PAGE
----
Saudi Vision Has Drive
By Jason Trenchfield
I’ve been asked many times: is the Saudi Vision 2030 ambitious? My answer is always: “Yes, but it’s something that the country is ready for, in many different ways.”
I’ve spent most of 2018 working in the Saudi city of Jeddah with AECOM on a strategic project for the country’s Transport Ministry. Throughout this time, I’ve experienced firsthand the vigorous enthusiasm Saudis have towards their country’s growth plans. The younger generation, which makes up most of the population, is very much in tune with advancements in technology and innovation, while the older generation is providing expertise to steer the change in the right direction.
One of the many important strategic areas for growth is transportation. This ranges from the movement of freight to innovative public transport. There is a huge drive to enhance the country’s aviation industry, which includes development in Jeddah and the Saudi cities of Arar and Abha, as well as development of major infrastructure for high-speed rail – such as the Haramain high-speed rail project (a 453-kilometer-long, high-speed, inter-city rail network) – and its seaports – such as Duba Port on the Red Sea coast.
Many people have said that these are exciting times for the largest country in the Gulf Cooperation Council, but the cost of change doesn’t come cheap. Plus, the scale of developments, including associated transport infrastructure that has never been seen before in the Middle East, also comes at a price.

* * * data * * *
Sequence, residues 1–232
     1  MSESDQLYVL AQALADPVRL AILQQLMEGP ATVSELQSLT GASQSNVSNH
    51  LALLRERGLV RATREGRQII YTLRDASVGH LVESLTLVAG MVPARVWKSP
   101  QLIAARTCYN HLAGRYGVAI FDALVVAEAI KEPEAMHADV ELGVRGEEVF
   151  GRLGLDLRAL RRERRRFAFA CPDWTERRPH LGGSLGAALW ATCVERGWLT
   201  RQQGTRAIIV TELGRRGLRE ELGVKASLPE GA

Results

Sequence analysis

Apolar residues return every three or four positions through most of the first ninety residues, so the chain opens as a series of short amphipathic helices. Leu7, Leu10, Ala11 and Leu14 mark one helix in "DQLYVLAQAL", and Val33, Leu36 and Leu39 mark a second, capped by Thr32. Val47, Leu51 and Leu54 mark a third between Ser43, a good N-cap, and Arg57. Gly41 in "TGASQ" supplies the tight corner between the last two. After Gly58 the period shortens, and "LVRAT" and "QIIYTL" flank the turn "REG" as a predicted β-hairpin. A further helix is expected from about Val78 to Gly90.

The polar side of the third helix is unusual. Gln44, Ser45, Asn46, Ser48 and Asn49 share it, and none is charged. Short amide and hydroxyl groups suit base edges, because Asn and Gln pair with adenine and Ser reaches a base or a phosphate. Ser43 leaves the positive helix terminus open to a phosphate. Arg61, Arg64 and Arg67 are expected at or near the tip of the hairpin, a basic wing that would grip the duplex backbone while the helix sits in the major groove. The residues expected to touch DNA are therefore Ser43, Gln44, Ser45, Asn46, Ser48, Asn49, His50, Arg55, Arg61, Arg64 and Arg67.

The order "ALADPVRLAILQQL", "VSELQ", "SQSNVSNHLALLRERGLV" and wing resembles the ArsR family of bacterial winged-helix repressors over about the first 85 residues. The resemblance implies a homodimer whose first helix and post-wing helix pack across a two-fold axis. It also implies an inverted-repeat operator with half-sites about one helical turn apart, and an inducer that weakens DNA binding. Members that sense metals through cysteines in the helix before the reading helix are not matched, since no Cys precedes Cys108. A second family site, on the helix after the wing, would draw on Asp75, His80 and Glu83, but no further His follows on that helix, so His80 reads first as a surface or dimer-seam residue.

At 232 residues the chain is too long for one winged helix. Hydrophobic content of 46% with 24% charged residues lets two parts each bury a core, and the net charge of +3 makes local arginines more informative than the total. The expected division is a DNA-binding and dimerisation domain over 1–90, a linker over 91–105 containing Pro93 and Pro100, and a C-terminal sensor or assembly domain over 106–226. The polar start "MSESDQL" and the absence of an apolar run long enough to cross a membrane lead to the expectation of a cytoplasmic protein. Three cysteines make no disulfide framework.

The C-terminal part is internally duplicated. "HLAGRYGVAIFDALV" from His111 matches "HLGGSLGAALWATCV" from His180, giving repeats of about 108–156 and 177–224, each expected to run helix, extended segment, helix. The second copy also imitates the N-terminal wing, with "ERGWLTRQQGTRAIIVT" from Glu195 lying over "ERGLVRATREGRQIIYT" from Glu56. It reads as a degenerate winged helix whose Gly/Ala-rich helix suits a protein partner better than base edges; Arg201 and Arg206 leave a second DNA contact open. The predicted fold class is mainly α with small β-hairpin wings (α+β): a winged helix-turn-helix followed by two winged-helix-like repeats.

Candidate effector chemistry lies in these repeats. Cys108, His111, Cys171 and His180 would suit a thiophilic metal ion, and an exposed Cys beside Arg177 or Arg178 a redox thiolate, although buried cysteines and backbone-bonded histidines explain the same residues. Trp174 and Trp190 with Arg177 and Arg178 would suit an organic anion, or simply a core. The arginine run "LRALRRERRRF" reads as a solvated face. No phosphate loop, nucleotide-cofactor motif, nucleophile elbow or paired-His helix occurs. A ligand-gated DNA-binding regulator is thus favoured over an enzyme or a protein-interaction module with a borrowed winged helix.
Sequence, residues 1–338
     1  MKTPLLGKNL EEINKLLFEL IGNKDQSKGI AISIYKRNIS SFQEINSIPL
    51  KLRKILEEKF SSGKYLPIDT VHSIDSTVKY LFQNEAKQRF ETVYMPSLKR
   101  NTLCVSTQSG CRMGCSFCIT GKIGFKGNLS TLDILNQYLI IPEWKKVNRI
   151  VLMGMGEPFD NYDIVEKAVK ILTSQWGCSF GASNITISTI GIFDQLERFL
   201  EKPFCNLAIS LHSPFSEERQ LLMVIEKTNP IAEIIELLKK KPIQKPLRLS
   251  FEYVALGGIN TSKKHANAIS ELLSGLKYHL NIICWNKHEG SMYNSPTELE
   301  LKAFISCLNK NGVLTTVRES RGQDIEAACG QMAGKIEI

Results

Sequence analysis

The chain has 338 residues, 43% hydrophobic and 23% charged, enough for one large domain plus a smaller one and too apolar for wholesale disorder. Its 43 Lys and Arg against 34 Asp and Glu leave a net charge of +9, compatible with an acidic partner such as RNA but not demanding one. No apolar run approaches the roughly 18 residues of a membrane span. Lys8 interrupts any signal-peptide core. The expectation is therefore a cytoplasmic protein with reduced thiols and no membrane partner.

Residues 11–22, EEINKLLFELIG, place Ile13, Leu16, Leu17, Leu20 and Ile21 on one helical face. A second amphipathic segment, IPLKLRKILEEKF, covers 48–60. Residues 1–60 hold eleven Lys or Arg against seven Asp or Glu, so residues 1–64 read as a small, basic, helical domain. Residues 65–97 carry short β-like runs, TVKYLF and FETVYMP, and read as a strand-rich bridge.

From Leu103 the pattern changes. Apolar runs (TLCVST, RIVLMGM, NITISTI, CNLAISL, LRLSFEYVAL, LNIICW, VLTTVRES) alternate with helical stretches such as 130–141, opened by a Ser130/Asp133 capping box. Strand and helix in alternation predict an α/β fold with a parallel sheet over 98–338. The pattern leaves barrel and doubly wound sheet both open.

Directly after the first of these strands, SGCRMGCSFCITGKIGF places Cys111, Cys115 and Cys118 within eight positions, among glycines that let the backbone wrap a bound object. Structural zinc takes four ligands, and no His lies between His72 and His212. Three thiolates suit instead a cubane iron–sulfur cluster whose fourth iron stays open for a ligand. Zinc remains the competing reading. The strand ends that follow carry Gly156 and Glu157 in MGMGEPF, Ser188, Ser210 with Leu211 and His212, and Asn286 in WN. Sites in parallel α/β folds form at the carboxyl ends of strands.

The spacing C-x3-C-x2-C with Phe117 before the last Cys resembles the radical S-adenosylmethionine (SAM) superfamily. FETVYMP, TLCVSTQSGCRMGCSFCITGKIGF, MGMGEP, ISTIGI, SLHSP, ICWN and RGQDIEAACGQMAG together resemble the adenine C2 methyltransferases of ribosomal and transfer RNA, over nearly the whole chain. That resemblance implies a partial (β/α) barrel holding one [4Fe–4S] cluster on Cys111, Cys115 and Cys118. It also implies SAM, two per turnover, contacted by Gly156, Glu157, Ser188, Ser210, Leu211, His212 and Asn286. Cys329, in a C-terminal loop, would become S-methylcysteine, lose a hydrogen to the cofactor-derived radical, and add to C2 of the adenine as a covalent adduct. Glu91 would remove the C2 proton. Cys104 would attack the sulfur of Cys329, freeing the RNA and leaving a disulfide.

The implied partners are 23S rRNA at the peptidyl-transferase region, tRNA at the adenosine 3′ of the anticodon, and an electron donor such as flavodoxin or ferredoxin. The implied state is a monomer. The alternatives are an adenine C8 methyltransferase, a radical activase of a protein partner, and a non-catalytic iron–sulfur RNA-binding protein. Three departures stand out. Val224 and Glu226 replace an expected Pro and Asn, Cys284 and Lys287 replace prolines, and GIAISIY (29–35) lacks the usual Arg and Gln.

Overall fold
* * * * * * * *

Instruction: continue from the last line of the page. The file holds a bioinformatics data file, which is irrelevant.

There have been many changes in Saudi Arabia in recent months, not only culturally, but also economically. The steady increase in the oil price has given the sovereign nation a boost, but it still maintains a goal to remove its dependency on oil. This includes the initial public offering of its own national commodity Saudi Aramco, which is being reviewed for the next few years to increase its capital ventures. Such is the passion of achieving its goals that all options will not be overlooked.
The country’s goal of adopting the latest technologies and its drive to improve its infrastructure network via every mode possible demands a workforce that is unparalleled. No mean feat for a country that is well known for importing various skills and knowledge. However, what has surprised me the most are the attitudes among Saudis — they are eager to play their part in the country’s transformation and are preparing themselves accordingly. This includes undertaking training in specialist areas to ensure men and women alike can contribute to the change.
This is a positive challenge for those in the transportation industry, and the Saudis are welcoming all nationalities to help them achieve this.
Jason Trenchfield is AECOM’s freight and logistics leader within the UAE Transport Group. Responsible for project management, he has more than 20 years’ experience in formulating operation and supply chain strategies for commercial designs, construction and material logistics strategies, and design and commissioning for specialist buildings such as airports, rail buildings and ports.
Image credit: Newscom
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